I am happy to report that I’ve just got past 20,000 words in Pitkirtly XXIII (‘The Christmas Catastrophe’) and the story is progressing more or less according to the very vague plan in my head. This is in spite of a recent blip when I realised I had written a pivotal chapter in a way that didn’t work – I can’t really explain why I knew this without giving too much away but it was a kind of logistical / timing issue. I am glad to have realised this in time to rewrite the chapter instead of getting myself tied in knots as the plot went on.
For a little while I was worried this story would turn out too dark, however I know perfectly well it’s impossible for me to write gritty realism, even in the case of my family history write-up!
Because I’ve set aside the mornings to work on this one – mornings are my best writing time – I can usually fit in some work on my historical novel later in the day once I’ve got through my self-imposed crochet and audiobook time, housework, gardening and committee minutes. The historical one is progressing more slowly, partly because I can’t make up my mind what to do with one of the characters. I hope to work it out as I go along.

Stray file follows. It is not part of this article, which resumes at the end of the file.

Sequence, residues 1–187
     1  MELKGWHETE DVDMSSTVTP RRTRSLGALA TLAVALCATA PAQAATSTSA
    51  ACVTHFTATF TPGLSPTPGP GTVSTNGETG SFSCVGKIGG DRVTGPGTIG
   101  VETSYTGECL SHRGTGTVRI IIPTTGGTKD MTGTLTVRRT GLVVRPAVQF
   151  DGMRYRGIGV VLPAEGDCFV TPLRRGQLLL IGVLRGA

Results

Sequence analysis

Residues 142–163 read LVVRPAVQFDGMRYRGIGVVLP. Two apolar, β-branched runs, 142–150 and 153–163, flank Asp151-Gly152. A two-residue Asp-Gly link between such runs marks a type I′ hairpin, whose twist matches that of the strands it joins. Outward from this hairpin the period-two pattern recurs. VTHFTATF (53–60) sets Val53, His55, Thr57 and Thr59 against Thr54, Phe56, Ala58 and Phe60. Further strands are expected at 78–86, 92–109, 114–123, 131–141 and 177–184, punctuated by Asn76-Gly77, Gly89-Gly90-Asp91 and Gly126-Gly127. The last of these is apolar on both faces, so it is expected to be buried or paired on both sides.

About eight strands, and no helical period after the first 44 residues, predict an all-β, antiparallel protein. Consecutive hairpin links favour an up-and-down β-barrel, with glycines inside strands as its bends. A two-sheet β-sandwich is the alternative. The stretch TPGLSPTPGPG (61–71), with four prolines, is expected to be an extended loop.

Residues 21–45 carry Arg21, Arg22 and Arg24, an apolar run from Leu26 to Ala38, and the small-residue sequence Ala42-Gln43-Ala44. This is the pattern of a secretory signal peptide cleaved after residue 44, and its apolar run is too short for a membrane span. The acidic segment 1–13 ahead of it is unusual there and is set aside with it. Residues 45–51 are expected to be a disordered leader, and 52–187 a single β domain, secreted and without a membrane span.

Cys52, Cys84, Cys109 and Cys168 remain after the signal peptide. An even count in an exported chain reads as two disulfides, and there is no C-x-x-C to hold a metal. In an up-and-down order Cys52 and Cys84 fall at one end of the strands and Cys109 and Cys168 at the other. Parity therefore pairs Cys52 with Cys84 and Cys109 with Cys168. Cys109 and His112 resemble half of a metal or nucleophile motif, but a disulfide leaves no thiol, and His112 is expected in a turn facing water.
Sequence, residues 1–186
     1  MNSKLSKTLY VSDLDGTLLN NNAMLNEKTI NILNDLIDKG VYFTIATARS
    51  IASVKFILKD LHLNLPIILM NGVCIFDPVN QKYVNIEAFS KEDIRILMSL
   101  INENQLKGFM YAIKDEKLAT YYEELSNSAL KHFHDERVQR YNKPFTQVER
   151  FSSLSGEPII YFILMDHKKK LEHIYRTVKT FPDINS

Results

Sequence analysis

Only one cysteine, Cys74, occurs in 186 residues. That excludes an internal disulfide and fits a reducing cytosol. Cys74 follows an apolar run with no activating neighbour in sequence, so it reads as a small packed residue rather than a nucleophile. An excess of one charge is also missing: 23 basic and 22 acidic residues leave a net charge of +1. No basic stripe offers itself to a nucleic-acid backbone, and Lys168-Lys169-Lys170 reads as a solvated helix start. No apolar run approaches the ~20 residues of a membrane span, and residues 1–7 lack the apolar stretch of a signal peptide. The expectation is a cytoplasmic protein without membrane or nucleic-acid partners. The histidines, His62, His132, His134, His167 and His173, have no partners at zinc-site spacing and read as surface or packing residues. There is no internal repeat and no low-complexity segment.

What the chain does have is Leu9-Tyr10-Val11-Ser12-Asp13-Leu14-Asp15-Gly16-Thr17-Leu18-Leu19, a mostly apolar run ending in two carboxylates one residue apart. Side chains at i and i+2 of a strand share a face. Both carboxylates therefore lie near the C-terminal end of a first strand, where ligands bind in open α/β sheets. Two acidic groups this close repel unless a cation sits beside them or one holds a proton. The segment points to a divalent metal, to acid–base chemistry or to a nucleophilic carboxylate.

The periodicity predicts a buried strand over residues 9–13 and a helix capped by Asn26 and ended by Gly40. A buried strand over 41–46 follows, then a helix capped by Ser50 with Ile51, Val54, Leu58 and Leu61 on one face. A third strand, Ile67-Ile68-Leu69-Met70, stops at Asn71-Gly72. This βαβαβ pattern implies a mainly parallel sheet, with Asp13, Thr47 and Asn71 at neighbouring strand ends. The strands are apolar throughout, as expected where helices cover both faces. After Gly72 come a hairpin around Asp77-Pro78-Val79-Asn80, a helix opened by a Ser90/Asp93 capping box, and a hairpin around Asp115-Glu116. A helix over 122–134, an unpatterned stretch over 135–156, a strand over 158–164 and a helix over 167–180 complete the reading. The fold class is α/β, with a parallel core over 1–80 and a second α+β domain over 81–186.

As I write this I am amazed that the weather has gone from unseasonably mild to chilly enough for a big cardigan already, and today there’s a wind that has already blown a good number of apples off the tree. I’ve rescued most of the others, although I’ve seen a squirrel and a magpie nibbling at the ones near the top of the tree so they may not be worth saving. I was in the garden yesterday and noticed some new growth from the stump of the holly tree that was chopped down earlier in the year following a long argument about it with my next-door neighbour. Part of me feels that this is some kind of a good omen, while another part is slightly alarmed – the new leaves are spookily white too, instead of variegated white and green, and seem somehow sinister.